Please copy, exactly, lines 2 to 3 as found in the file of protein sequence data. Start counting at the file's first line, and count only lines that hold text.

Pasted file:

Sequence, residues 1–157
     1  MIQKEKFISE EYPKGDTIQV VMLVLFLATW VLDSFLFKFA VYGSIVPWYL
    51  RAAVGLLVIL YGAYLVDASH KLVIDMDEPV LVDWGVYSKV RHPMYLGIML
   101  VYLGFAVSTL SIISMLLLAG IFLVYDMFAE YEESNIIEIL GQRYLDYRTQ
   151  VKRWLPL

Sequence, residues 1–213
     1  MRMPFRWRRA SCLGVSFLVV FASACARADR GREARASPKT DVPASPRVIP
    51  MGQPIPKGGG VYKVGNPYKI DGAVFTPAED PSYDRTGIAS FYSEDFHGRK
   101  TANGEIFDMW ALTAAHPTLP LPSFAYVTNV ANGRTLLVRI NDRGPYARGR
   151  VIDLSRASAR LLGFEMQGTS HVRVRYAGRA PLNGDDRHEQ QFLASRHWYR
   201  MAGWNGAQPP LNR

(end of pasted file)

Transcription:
     1  MIQKEKFISE EYPKGDTIQV VMLVLFLATW VLDSFLFKFA VYGSIVPWYL
    51  RAAVGLLVIL YGAYLVDASH KLVIDMDEPV LVDWGVYSKV RHPMYLGIML